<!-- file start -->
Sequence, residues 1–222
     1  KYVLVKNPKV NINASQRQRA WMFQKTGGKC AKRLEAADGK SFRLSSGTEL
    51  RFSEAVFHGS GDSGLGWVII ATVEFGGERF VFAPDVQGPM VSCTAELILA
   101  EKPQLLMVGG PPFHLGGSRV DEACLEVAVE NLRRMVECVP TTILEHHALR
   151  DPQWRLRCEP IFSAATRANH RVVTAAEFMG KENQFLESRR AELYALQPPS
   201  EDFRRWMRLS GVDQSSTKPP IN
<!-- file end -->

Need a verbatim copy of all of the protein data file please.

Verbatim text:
Sequence, residues 1–222
     1  KYVLVKNPKV NINASQRQRA WMFQKTGGKC AKRLEAADGK SFRLSSGTEL
    51  RFSEAVFHGS GDSGLGWVII ATVEFGGERF VFAPDVQGPM VSCTAELILA
   101  EKPQLLMVGG PPFHLGGSRV DEACLEVAVE NLRRMVECVP TTILEHHALR
   151  DPQWRLRCEP IFSAATRANH RVVTAAEFMG KENQFLESRR AELYALQPPS
   201  EDFRRWMRLS GVDQSSTKPP IN